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Posts Tagged ‘Jared Friedman’

Scribd Transitions to HTML5

btn_logo_red_122x44.gifYesterday Scribd announced their full-scale transition from Flash to HTML5. This new programming language will make Scribd content available across a larger swath of mobile devices, especially the iPhone and iPad.

Scribd co-founder Jared Friedman had this statement: “Publishers benefit from HTML5 tremendously … The distribution of their content across the social web and mobile platforms becomes virtually automatic — no technology barriers between them and their readers, no need to build native mobile apps, an ability to easily insert multi-media or advertising into their content. The possibilities are endless.”

With the update, you can now read the April edition of GalleyCat Reviews on your iPhone while shopping for books or browse through the Best Book Reviewers on Twitter list while tweeting on your iPad.

See our complete Scribd page here.

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Lauren Berger Writes New Book for Young People Entering "Real World"

Lauren Berger Welcome to the Real WorldCareer Expert, Lauren Berger, releases her second book, Welcome to the Real World: Finding Your Place, Perfecting Your Work, and Turning Your Job Into Your Dream Career (Harper Business), on April 22nd. In this book, Berger shares everything she wishes someone told her after graduation. Her book is the essential guide to anyone starting their first, second, or third job. She encourages readers to be fearless, step outside of their comfort zones, and go after what they want.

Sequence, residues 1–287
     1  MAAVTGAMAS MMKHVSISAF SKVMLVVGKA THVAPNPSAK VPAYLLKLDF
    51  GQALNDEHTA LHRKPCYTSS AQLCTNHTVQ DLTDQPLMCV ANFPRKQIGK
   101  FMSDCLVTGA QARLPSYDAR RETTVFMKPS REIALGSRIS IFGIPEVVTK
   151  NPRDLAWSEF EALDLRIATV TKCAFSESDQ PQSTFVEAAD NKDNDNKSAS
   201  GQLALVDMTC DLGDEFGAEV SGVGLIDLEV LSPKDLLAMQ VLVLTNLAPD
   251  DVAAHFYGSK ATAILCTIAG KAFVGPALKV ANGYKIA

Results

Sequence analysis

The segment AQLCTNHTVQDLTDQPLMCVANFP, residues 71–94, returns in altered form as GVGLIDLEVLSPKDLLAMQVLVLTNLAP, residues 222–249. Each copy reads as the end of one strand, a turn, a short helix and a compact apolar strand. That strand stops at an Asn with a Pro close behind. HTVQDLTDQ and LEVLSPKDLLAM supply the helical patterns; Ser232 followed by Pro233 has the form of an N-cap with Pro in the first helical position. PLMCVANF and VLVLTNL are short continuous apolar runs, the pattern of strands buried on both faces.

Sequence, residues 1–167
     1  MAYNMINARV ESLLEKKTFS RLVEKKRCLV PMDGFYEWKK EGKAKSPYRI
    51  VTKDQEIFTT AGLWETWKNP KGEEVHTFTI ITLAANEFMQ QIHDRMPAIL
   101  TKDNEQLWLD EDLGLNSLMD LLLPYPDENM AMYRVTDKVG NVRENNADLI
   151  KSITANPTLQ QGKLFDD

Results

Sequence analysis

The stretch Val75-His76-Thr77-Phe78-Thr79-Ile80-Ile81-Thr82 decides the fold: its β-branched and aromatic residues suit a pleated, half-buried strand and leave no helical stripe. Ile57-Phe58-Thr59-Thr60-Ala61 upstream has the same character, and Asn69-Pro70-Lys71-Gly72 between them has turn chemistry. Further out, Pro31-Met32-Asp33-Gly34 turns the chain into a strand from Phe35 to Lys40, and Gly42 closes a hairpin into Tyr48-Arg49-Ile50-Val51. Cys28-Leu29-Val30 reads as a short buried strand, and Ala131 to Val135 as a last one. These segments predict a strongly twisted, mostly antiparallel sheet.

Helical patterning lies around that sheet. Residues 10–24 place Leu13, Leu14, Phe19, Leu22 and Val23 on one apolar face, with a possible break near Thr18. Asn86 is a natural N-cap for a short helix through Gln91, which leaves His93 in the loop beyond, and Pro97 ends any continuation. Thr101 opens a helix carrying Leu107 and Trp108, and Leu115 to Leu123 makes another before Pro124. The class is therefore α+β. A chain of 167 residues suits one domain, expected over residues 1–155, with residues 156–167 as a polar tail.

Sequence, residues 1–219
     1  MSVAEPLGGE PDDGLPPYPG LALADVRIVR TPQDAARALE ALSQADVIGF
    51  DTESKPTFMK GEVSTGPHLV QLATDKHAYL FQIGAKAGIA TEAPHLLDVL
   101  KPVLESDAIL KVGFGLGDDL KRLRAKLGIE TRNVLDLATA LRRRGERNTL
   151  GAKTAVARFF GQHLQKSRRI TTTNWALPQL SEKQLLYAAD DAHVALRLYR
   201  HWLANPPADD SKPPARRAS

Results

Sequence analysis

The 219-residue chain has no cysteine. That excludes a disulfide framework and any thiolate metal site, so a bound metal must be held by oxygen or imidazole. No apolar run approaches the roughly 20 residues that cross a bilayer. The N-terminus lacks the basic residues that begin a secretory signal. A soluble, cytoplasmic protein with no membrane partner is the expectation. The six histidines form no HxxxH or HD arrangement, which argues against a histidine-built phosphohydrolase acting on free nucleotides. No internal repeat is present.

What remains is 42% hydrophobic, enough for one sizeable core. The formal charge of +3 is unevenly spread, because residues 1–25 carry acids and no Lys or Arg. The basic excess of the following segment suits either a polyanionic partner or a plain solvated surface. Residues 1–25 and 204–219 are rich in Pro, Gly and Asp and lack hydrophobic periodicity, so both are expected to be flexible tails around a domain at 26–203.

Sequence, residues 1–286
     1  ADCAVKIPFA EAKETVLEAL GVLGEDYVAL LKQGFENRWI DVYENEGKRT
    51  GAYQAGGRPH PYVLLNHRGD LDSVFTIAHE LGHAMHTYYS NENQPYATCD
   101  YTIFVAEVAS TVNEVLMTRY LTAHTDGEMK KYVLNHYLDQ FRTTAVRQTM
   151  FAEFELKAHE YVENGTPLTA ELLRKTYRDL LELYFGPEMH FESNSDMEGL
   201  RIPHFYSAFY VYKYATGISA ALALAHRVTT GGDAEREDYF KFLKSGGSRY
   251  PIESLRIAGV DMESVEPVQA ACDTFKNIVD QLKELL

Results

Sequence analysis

Do We Need Three Million Books a Year?

According to JaredFriedman23.jpgScribd CTO Jared Friedman (pictured), the solution to a healthier publishing industry is simple: increase the amount of books available from 300,000 to 3 million.

Over at our sibling blog BayNewser interviewed Friedman, getting his unconventional thoughts about the future of publishing. Scribd has been nicknamed YouTube for books, an online repository of millions of texts–one of the companies included in mediabistro.com’s eBook Summit. The interview covered everything from Harry Potter to e-readers.

What do you think? Here’s an excerpt: “Our thesis is that the limiting factor in the number of books that are published per year is not the amount of content that people are able to write and it’s not the amount of content that people are able to read. Rather it’s a structural limitation of the publishing industry itself…. We think that if we can cast off the artificial limitations that are imposed by the way the economics of the publishing industry currently work, we could potentially dramatically increase the amount of work that is published.”